Pope Francis on Saturday praised the zeal of an 18th-century Franciscan missionary he will make a saint when he visits the United States this fall but whom Native Americans contend brutally converted indigenous people to Christianity.
Francis praised Junipero Serra during a homily at a Rome seminary training future priests from North America. The pope will proclaim the Spaniard a saint during a Washington, D.C., ceremony Sept. 23.
Native Americans have protested in California, saying the friar should be criticized for what they contend is his role in wiping out native populations in a brutal campaign to impose Catholicism. They contend he enslaved converts.
Francis described Serra as part of a missionary corps who "went out to all the geographical, social and existential peripheries" to spread the Gospel.
"Such zeal excites us," Francis said.
Without wading into specific criticisms of Serra, Francis said of these missionaries: "Sometimes we stop and thoughtfully examine their strengths and, above all, their weaknesses and shortcomings."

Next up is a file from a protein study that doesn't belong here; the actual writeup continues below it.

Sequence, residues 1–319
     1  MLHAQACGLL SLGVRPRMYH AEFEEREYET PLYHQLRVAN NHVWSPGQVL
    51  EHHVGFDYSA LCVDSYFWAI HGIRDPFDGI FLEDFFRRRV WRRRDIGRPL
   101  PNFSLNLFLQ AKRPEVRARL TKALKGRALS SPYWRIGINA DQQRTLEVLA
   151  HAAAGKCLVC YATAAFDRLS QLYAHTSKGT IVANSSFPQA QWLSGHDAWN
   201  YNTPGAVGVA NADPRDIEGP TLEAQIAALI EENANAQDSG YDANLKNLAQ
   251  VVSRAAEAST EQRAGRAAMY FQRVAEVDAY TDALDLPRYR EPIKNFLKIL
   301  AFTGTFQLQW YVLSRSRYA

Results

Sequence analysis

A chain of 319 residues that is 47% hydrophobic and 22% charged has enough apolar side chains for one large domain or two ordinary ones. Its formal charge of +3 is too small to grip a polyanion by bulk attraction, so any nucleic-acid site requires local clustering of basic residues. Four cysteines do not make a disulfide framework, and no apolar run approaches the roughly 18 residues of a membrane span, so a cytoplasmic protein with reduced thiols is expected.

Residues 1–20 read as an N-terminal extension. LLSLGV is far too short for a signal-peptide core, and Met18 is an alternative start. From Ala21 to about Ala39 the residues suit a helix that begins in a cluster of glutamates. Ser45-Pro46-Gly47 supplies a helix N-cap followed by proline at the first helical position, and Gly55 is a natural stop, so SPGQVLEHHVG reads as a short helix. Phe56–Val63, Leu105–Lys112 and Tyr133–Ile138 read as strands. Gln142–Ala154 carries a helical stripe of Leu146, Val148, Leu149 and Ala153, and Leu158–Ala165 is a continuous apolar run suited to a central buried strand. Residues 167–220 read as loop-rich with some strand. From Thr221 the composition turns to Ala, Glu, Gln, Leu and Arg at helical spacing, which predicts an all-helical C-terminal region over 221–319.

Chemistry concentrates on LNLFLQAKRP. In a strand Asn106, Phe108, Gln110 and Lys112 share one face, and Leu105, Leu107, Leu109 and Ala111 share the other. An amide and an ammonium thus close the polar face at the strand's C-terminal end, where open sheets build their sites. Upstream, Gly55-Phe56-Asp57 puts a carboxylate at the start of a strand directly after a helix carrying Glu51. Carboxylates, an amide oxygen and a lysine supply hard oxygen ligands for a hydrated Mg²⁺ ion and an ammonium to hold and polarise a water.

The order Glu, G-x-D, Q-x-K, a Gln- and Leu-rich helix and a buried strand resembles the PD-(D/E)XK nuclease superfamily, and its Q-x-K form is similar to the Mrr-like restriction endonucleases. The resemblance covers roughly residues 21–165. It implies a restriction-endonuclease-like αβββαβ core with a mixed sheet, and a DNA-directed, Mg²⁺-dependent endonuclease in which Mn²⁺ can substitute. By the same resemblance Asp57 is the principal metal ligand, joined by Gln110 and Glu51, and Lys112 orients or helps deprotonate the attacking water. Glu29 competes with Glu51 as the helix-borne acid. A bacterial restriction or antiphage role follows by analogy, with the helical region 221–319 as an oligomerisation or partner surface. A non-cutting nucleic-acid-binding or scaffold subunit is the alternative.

The soon-to-be saint helped defend "the indigenous peoples against abuses by the coloniziers," Francis contended.
The church's first Latin American pope expressed a kind of awe for the likes of Serra, saying "I wonder if today we are able to respond with the same generosity and courage" in leaving comfortable lives to proclaim God to those who haven't "experienced the embrace of his mercy."
Serra, who died in 1784, "ushered in a new springtime of evangelization in those immense territories, extending from Florida to California," Francis said. The Vatican sees Serra as a role model for the growing U.S. Hispanic Catholic population.
Before celebrating Mass at the seminary with Francis, Washington Cardinal Donald Wuerl dismissed concerns that canonizing Serra could be a divisive act offending Native Americans.
"The message of the Holy Father is reconciliation," Wuerl said.